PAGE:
Friday, March 18, 2016

Stross on a Taxonomy of Space Opera Cliches

Over at Charlie’s Diary, Charles Stross (The Atrocity Archives) is in the process of compiling an encyclopedia of clichés related to space opera. Excerpt:
Some of you might remember the Evil Overlord's List, a list of all the generic cliche mistakes that Evil Overlords tend to make in fiction (16: I will never utter the sentence "But before I kill you, there's just one thing I want to know."). I think that it might be a good idea to begin bolting together a similar list of the cliches to which Space Opera is prone, purely as an exercise in making sure that once I get under way I only make new and original mistakes, rather than recycling the same-old same-old.

This is not an exhaustive list—it's merely a start, the tip of a very large iceberg glimpsed on the horizon. And note that I'm specifically excluding the big media franchise products—Star Wars, Star Trek, Firefly, and similar—from consideration: any one of them could provide a huge cliche list in its own right, but I'm interested in the substance of the literary genre rather than in what TV and film have built using the borrowed furniture of the field.

List follows, below the cut.
Read the whole thing. As I pursued Stross’ list, I found myself puzzling over parts of it. Sure, many of its line items are eye-rollingly overused. “All planets harbour a single apex predator that eats people.” “The only place worse than a Colony World is Old Earth.” “Everywhere on a planet shares a common climate and the same weather patterns.” But others had me scratching my head. Do I really need to concern myself with the length of diurnal periods when writing space opera? Should I worry about intestinal flora when penning descriptions of cryosleep? Ought I to linger over the niceties of supply-chain management and interplanetary shipping? Then it hit me: This taxonomy is more of a breathless love letter to hard SF than a true examination of overused space-opera ideas.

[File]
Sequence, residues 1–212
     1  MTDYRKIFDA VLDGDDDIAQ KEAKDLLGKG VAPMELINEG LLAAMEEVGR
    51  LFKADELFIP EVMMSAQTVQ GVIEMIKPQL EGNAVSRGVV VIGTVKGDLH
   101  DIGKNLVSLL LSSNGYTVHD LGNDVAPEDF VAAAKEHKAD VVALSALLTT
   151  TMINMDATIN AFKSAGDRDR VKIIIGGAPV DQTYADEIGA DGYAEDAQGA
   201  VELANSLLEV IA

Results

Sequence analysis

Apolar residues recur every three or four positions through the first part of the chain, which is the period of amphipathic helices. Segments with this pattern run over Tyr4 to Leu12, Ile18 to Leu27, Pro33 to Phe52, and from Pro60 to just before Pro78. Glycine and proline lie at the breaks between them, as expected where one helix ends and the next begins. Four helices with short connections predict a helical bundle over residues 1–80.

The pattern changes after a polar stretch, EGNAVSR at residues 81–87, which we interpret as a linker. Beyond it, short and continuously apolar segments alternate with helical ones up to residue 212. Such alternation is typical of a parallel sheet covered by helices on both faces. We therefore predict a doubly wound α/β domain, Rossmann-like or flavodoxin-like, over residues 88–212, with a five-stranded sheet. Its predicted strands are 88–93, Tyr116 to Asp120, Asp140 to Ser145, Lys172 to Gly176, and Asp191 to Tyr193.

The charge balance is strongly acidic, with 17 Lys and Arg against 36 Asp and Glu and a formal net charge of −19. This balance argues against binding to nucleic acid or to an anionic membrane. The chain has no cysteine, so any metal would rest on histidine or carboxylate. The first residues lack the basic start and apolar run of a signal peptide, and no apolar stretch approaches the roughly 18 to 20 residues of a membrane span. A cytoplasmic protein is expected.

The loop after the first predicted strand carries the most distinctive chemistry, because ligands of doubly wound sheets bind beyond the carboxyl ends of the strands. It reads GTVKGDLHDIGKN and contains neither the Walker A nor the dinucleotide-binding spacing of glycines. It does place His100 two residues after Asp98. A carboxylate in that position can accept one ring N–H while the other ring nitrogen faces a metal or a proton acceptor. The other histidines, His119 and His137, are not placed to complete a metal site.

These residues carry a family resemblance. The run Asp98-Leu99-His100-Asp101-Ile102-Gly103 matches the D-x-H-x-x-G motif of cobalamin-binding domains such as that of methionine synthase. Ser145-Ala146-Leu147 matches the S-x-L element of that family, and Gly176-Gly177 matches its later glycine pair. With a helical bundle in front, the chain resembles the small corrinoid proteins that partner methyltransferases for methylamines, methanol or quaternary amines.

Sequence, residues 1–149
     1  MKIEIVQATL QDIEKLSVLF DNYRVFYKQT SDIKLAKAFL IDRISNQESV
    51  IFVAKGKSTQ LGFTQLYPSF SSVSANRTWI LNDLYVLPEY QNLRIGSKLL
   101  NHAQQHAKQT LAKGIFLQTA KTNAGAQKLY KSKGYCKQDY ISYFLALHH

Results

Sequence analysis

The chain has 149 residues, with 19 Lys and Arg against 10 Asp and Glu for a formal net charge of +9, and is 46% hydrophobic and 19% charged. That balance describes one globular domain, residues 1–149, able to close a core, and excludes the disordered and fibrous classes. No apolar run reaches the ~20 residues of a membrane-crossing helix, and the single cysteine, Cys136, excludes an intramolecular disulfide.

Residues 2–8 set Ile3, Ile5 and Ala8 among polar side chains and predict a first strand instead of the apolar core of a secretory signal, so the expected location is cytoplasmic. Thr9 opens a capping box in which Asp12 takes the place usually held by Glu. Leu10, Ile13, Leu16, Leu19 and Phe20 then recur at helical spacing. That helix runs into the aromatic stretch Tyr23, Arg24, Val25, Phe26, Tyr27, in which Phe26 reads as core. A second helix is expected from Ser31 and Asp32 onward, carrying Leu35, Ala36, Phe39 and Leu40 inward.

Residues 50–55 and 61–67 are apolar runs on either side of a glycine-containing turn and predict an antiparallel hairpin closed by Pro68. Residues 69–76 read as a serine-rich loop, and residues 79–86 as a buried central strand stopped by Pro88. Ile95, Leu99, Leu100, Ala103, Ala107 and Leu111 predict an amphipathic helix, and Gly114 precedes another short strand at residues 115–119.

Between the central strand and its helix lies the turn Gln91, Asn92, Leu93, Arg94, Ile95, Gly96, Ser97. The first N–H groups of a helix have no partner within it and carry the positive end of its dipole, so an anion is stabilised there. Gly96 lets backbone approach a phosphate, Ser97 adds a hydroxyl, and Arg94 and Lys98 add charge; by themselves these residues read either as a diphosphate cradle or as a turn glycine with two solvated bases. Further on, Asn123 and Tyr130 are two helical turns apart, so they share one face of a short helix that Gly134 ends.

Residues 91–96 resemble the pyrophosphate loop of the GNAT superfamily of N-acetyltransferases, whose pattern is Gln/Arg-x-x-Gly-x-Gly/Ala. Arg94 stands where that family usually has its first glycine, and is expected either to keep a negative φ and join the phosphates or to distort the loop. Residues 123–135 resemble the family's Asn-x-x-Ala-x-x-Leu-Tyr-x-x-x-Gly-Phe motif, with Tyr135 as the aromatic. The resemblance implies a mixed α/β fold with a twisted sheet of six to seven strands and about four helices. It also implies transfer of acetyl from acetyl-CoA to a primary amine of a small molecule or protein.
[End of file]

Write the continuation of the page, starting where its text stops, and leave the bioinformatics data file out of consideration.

Now, don’t get me wrong. What Stross has constructed here is which is immensely insightful and most definitely worth your time. But it’s worth remembering that hard SF isn’t an inherently worthier genre than the soft sociological stuff. Not every writer wants to be Kim Stanley Robinson or Arthur C. Clarke, nor does space opera necessarily require it. Similarly, not every readers is looking for finely detailed descriptions of interstellar navigation, extraterrestrial terraforming, or genetic manipulation. By all means, seize tired tropes by their roots and forcibly yank them out of your stories. But don’t think that peppering your tales with technical detail is the only way to do it.

(Picture: CC 2011 by Sweetie187)

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